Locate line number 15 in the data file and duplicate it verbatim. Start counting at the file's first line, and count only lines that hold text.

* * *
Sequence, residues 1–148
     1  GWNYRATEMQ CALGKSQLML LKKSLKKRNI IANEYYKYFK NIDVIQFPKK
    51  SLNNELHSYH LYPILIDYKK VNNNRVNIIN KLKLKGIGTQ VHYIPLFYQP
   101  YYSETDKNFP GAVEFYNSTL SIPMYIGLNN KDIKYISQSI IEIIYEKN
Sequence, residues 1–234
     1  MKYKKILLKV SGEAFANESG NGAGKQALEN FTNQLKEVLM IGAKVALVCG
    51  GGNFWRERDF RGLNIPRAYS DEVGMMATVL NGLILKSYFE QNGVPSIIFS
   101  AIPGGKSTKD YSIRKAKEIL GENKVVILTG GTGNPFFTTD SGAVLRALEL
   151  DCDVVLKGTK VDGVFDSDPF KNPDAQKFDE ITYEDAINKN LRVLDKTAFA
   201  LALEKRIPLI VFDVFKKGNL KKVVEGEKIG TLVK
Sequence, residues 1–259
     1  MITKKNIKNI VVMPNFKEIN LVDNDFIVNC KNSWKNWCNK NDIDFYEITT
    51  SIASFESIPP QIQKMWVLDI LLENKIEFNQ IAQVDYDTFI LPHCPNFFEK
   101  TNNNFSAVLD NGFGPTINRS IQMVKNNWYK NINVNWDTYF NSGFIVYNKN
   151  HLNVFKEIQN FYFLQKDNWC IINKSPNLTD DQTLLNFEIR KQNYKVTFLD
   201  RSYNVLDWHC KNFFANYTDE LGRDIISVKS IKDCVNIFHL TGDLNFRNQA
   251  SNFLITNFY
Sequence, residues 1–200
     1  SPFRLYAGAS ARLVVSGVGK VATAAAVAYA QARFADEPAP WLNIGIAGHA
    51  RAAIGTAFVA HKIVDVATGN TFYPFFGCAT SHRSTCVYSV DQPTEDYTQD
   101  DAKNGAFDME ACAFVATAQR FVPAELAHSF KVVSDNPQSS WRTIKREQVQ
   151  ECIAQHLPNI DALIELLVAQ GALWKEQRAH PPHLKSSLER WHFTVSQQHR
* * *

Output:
   151  HLNVFKEIQN FYFLQKDNWC IINKSPNLTD DQTLLNFEIR KQNYKVTFLD